U.S. to Seek Reversal of Ruling Weakening Insider CasesPatricia Hurtado
Federal prosecutors in New York intend to ask judges on the U.S. Court of Appeals to reverse a December ruling making it harder for the government to win insider-trading cases.
The Dec. 10 decision by a three-judge panel overturned the convictions of two former hedge fund managers and may lead to the dismissal of charges against others found guilty in a multiyear insider-trading probe.
It’s rare for appellate courts to agree to reconsider a ruling, especially when the original decision was decided unanimously. In last month’s 3-0 decision, the appeals court said recipients of inside tips are guilty only if they knew the data came from someone who had a duty to keep it secret and got a benefit for leaking it.
Prosecutors will ask the original three-judge panel or a full appeals court of as many as 13 judges to review the ruling, Jennifer Queliz, a spokeswoman for U.S. Attorney Preet Bharara, said in an interview. Queliz said prosecutors would file a formal motion later on Friday.
Earlier this month, in a separate insider-trading case, prosecutors said the appeals court decision “dramatically (and in our view, wrongly) departs from 30 years of controlling Supreme Court authority and, in so doing, legalizes manipulative and deceptive conduct.”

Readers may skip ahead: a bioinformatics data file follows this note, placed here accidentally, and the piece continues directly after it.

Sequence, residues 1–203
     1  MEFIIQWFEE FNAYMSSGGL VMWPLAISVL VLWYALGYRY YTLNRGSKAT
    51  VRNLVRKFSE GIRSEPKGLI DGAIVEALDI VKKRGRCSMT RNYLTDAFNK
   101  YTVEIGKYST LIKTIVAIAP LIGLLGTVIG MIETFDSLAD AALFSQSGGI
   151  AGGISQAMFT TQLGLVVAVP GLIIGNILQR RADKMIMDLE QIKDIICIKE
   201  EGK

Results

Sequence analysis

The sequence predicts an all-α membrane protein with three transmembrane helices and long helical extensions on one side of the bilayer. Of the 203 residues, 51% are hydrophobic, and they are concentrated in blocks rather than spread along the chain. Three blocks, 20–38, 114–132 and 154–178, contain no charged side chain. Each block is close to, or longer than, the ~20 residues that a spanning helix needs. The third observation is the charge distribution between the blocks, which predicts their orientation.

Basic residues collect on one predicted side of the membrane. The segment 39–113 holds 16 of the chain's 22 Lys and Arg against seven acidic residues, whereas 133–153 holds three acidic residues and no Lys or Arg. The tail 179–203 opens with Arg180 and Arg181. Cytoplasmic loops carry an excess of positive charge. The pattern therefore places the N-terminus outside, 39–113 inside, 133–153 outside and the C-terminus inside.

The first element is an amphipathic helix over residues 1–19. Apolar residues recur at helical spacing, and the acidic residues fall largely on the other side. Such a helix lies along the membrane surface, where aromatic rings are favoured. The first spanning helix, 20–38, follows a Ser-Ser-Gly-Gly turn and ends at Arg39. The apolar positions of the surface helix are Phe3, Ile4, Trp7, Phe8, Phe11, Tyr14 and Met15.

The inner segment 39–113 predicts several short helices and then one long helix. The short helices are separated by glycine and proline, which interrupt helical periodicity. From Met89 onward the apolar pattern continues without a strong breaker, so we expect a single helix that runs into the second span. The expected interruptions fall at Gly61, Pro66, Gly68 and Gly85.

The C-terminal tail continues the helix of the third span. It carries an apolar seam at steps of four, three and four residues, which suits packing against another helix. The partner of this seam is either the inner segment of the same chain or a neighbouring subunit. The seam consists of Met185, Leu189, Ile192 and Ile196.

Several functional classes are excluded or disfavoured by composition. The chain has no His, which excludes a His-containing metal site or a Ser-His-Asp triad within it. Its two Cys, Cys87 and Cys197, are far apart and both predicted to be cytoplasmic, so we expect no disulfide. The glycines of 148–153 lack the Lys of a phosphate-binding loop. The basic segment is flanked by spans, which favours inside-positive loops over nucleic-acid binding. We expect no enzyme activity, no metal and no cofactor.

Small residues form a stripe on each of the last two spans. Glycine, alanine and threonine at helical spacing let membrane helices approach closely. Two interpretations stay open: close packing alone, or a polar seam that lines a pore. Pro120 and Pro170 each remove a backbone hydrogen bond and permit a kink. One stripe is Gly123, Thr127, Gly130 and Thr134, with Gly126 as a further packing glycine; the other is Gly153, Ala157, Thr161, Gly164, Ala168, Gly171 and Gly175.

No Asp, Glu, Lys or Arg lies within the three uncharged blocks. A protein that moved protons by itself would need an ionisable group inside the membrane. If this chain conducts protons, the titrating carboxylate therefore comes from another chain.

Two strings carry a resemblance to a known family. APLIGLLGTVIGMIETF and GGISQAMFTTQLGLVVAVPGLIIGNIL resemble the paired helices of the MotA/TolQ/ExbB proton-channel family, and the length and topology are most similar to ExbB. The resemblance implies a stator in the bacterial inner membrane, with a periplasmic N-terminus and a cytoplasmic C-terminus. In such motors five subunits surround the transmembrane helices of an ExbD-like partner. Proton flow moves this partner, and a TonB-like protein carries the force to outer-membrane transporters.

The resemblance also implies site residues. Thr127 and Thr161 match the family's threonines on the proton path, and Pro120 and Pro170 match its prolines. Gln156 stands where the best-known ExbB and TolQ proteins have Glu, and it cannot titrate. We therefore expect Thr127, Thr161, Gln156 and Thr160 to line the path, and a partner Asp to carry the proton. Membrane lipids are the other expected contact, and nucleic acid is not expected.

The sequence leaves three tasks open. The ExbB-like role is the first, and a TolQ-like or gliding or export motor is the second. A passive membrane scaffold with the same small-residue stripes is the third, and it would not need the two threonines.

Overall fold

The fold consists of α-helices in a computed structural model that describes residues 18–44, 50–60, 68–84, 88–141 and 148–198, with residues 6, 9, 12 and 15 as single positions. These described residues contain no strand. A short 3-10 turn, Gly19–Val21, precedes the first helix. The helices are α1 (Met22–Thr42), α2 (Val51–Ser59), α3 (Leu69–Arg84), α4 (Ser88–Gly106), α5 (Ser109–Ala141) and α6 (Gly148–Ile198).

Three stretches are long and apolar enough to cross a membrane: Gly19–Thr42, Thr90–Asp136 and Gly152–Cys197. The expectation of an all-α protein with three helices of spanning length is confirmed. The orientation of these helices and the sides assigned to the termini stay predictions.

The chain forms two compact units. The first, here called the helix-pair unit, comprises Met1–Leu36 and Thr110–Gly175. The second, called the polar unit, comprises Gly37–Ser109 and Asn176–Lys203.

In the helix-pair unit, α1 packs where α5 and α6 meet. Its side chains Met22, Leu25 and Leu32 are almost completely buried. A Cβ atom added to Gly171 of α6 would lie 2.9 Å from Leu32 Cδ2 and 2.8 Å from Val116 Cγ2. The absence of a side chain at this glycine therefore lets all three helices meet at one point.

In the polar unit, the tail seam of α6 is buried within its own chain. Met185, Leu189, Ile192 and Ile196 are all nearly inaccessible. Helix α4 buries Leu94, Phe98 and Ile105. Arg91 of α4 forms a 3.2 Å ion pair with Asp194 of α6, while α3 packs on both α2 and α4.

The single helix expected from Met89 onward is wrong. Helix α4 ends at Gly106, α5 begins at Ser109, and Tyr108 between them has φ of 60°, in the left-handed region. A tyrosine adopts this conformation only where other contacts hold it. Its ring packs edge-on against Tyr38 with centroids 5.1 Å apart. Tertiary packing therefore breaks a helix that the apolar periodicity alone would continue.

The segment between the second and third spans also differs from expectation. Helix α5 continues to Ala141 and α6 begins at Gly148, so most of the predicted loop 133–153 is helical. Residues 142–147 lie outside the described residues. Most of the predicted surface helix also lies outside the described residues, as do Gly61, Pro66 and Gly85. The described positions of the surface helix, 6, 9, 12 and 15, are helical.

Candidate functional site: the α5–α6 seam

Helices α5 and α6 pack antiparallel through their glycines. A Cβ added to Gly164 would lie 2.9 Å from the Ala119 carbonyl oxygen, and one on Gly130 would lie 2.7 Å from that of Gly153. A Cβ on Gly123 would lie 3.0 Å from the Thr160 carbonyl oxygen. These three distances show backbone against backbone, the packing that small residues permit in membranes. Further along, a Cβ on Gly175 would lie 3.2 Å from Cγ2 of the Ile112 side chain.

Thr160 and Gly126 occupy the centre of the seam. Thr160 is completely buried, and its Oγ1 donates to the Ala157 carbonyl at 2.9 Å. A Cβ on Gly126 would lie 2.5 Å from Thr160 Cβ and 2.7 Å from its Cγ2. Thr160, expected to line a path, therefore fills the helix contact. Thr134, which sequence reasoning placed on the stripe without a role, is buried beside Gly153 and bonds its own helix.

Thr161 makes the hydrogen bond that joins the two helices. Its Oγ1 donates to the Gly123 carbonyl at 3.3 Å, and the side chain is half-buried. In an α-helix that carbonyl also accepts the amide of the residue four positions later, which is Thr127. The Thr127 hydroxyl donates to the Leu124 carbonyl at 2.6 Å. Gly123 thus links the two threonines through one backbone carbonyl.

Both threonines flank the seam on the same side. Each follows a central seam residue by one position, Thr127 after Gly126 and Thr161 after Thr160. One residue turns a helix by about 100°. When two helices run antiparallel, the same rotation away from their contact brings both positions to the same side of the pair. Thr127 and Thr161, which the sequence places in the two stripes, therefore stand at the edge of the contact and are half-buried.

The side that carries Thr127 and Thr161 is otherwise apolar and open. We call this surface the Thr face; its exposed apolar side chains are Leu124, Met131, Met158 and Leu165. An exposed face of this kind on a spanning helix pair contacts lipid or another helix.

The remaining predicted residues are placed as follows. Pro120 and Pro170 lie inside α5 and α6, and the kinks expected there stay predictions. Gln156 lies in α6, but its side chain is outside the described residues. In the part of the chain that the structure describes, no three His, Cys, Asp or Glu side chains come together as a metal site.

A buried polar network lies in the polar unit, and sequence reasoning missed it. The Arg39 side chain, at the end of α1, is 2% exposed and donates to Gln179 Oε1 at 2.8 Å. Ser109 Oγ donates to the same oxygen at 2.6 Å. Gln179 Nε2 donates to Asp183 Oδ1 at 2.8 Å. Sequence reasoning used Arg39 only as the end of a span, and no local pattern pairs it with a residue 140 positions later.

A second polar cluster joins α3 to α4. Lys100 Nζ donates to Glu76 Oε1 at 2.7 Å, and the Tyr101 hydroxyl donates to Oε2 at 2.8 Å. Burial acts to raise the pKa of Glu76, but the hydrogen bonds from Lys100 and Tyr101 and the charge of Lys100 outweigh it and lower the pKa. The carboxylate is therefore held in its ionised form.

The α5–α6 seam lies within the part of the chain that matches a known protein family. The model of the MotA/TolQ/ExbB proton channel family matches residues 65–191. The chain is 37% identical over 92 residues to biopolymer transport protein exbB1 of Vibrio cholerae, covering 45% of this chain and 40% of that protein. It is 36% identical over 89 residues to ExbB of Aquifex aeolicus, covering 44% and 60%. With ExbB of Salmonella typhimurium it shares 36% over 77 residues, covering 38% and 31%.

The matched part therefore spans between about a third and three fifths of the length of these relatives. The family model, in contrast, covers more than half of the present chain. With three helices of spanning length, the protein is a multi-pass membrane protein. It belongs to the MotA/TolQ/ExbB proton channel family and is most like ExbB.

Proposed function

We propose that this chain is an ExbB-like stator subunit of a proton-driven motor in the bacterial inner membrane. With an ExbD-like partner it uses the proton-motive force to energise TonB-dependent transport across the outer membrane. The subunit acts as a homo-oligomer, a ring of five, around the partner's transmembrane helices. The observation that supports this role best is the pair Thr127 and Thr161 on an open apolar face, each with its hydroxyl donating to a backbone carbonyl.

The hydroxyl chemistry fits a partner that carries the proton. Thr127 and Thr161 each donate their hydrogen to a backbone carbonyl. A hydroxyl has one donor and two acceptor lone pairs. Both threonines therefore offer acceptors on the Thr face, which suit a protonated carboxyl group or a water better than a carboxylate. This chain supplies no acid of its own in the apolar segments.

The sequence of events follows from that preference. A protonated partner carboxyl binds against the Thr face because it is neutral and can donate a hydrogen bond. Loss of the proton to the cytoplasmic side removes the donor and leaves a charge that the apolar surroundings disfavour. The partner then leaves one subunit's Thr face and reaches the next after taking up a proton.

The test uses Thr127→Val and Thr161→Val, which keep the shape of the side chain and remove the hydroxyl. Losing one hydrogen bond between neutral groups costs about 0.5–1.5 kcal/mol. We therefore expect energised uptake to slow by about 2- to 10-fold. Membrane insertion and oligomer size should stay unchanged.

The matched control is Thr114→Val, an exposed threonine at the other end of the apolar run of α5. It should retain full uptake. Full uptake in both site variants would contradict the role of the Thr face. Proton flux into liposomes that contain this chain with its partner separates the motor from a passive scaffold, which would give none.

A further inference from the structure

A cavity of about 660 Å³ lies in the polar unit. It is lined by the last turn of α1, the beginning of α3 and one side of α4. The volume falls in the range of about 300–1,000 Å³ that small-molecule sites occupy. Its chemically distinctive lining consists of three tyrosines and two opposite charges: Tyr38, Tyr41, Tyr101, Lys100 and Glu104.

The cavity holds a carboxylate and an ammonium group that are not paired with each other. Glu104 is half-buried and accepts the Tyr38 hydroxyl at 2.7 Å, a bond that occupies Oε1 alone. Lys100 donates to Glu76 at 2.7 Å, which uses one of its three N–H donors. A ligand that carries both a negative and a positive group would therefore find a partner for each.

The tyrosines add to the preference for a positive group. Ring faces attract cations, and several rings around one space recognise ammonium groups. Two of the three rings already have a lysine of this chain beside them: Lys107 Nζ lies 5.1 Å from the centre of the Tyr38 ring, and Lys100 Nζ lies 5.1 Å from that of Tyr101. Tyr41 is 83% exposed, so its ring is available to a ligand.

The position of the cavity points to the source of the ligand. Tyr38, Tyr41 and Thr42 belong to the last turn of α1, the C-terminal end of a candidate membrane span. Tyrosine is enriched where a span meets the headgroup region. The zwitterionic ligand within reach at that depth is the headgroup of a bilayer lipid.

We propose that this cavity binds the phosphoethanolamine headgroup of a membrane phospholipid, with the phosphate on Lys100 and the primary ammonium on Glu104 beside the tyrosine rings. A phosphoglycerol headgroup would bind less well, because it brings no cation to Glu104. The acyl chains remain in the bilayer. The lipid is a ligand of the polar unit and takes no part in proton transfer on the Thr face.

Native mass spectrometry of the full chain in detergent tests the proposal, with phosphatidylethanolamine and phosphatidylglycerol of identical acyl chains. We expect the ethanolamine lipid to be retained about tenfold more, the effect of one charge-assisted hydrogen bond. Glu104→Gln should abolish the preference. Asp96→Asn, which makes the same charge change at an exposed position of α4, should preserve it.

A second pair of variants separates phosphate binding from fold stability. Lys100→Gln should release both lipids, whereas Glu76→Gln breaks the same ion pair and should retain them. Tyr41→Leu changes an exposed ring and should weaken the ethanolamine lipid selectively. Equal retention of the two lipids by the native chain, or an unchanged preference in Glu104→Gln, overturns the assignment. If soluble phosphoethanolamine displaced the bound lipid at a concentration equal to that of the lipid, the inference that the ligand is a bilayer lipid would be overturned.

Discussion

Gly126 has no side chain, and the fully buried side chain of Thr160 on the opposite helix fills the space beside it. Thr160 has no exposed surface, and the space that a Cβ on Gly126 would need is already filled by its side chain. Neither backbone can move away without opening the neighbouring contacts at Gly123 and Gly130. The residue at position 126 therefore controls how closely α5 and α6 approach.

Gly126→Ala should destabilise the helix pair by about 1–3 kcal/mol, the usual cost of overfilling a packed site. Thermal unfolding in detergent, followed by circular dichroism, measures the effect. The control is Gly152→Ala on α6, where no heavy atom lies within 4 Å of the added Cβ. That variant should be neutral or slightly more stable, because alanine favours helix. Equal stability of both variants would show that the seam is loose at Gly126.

The Dec. 10 ruling overturned convictions of Level Global Investors LP co-founder Anthony Chiasson and ex-Diamondback Capital Management LLC portfolio manager Todd Newman, who were several steps removed from the leakers of Dell Inc. and Nvidia Corp. data. They argued on appeal that they didn’t know that the tipper, whom they never met, had received a benefit for his disclosures.
The decision, which barred retrial of the two men, may lead to a reversal of the convictions of six others who pleaded guilty in the case and cooperated with prosecutors. SAC Capital Advisors fund manager Michael Steinberg, who was found guilty in another case of trading on the same leaks, says he too is entitled to a reversal.
Greg Morvillo, a lawyer for Chiasson, and Stephen Fishbein, an attorney for Newman, declined to comment on the government’s decision to challenge the ruling.
The case is U.S. v. Newman, 13-1917, U.S. Court of Appeals for the Second Circuit (Manhattan).